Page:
moment they were giving the news about the failing health of the
brontosaurus. I still don't know how she persuaded her grandmother, but that
same morning Alice ran into the pavilion.
"Daddy!" she cried. "How could you keep it from me? How could you?..."
"Later, Alice, later," I answered. "We are having a meeting."
And so we were having a meeting. It had been going on for the last three
days.
Alice said nothing, and went away. But the next moment I heard
somebody beside me gasp. I turned and saw that Alice had already climbed
over the guard-rail, slipped into the enclosure and started running toward the
brontosaurus's head. She had a bun in her hand.



7 "Eat it, Bronty," she said, "or else they'll leave you here to die of hunger.
In your place, I'd be fed up with bananas, too."
And before I managed to reach the guardrail, something unbelievable
happened. Something which made Alice famous, but had an awful effect on
our reputation, as biologists.



The brontosaurus raised his head, looked at Alice, and carefully took the
bun from her hand.
"Quiet, Daddy." Alice threatened me with her finger, on seeing that I
wanted to leap over the railing. "Bronty's afraid of you."
"He's not going to harm her," said Prof. Yakata.
I could see that for myself. But what if her grandmother was watching the
scene?
Afterwards, scientists argued over it for a long time. They are still arguing
to this day.
Some say that Bronty needed a change of food, others that he trusted
Alice more than he did us. But, one way or another, the crisis was over.
Now Bronty has become completely tame.
Though he is about thirty yards long, nothing gives him greater delight
than to let Alice ride on his back. One of my assistants made a special step
ladder and, when Alice enters the pavilion, Bronty reaches his long neck
into the corner and picks up the step ladder standing there with his triangular
teeth, setting it deftly against his shining black side.
Then he gives Alice a ride round the pavilion or swims in the pool with
her on his back.
8

TUTEKSI

As I'd promised Alice, I took her to Mars with me when I flew there to
attend a conference.
We landed safe and sound. True, I don't tolerate weightlessness too well,
so I kept my seat during the trip, but my daughter flitted about the spaceship
all the time. Once we had to pull her off the ceiling in the control deck
because she wanted to push the red button, namely, the button for
emergency braking. But the pilots weren't very angry with her.
On Mars, we went sightseeing in town, travelled with tourists into the
desert and visited the Great Caves. But after that I had no time for Alice and
installed her in a boarding-school for a week. Many of our specialists work
on Mars, and the Martians helped us build a huge cupola over a miniature
Kinder-town. There are real earth trees growing there—it is a fine place.
Sometimes the children go on excursions. Then they wear small space-suits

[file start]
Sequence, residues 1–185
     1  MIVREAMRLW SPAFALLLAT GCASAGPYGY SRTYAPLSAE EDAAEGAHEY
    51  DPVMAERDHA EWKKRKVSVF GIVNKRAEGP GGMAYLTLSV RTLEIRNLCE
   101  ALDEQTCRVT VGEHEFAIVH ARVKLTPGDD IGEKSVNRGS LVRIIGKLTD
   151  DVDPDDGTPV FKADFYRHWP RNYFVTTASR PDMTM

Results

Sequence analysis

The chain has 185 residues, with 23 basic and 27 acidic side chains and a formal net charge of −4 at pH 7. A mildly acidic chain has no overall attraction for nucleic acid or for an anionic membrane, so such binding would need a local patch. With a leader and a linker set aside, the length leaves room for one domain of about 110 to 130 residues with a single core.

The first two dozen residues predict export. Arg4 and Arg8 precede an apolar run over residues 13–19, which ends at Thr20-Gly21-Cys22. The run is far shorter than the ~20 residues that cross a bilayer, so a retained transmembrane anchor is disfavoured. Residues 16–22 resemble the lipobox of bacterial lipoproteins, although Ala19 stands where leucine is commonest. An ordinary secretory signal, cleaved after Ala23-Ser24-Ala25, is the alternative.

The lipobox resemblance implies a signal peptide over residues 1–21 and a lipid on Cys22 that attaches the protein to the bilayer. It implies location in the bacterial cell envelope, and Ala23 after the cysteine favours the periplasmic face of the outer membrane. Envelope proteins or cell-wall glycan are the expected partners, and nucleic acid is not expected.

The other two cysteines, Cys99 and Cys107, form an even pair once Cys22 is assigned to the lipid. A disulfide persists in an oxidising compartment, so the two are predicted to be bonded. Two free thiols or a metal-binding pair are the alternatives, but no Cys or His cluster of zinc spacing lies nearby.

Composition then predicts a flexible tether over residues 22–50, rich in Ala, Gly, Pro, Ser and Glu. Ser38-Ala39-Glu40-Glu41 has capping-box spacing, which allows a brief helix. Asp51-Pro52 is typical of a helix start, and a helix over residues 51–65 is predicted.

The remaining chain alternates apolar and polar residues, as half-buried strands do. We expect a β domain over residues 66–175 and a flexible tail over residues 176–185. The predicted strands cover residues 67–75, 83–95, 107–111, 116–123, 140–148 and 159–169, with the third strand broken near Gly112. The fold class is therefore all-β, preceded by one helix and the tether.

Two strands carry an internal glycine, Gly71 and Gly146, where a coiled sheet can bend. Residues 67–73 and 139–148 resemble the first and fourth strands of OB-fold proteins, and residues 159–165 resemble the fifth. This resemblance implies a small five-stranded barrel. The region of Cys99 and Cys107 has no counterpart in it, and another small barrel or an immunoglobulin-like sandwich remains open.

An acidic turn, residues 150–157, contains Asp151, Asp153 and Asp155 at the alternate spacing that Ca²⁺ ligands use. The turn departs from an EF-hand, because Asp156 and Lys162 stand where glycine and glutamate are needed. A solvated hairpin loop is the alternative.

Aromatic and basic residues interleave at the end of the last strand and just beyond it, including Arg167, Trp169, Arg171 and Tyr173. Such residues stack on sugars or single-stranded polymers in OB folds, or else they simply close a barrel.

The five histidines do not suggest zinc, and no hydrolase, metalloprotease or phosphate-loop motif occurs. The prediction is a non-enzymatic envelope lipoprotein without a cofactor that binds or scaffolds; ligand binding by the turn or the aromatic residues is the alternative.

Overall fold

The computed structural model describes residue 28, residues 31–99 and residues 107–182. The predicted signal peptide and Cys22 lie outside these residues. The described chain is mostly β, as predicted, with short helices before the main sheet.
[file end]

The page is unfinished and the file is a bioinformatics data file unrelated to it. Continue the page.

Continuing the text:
and come out into the big city streets walking in double rows.
9 The school-mistress, Tatyana Petrovna was her name, said I wasn't to
worry. Alice told me the same, too. And we parted for a week.
The third day, Alice disappeared.
It was a perfectly extraordinary occurrence. To begin with, in all the
history of the boarding-school, not one inmate had ever disappeared, or even
been lost, for more than ten minutes. On Mars, it is simply impossible to get
lost in town. And all the more so for an Earth-child, dressed in a space-suit.
The very first Martian who met the child would bring him or her back. And
the robots? And the Security Service? Why, it's impossible to get lost on
Mars.
But Alice got lost.
She hadn't been seen for about two hours, when they called me away from
the conference and took me to the boarding-school on a Martian Cross-
Country Hopper. When I appeared under the cupola, I probably looked
rather upset, because everybody gathered there fell silent in sympathy. And
who wasn't there, though! All the teachers and workers at the boarding-
school, ten Martians in space-suits (they had to wear them under the cupola
because of the heavier Earth air pressure), interstellar pilots, Chief Nazaryan
of the Life-Saving Service, archaeologists....
Apparently, for over an hour the city television centre had been
broadcasting the news, every three minutes, that a little girl from Earth had
disappeared. All videophones on Mars gave out alarm signals. Lessons were
stopped in Martian schools while the pupils, in groups, combed all the city
and its environs.
Alice's disappearance had been discovered only when her group had
returned from a walk. Two hours had passed since then. And the air in her
space-suit tank was sufficient to last only three hours.
Knowing my daughter, I asked if they had looked for her in all secluded
nooks in the school or near it. Perhaps she had found a Martian praying
mantis, and was absorbed in watching it....
I was told there were no cellars in town, and all secluded spots had been
searched by the pupils and by the Martian university students who knew
such places like the palms of their hands.
I was angry at Alice. Why, of course, any second she would come round
the corner wearing the most innocent expression in the world. And, really,
her behaviour had caused more trouble in the city than a sand storm. All the
Martians and all the Earthmen living in town had had to drop all their
affairs, all the life-saving personnel had been called in to help. At the same
time I was beginning to be seriously alarmed. This adventure of hers might
end badly.
News from the search parties kept pouring in: "Pupils of the Second
Martian Grammar School inspected the stadium. No Alice", "The Martian
Sweets Factory reports that no child has been found on its territory...."
"Maybe she has actually managed to get into the desert?" I thought. "She
would be found by now if she were in the city. But the desert.... The Martian
deserts have not yet been fully explored, and you could get lost there and not
10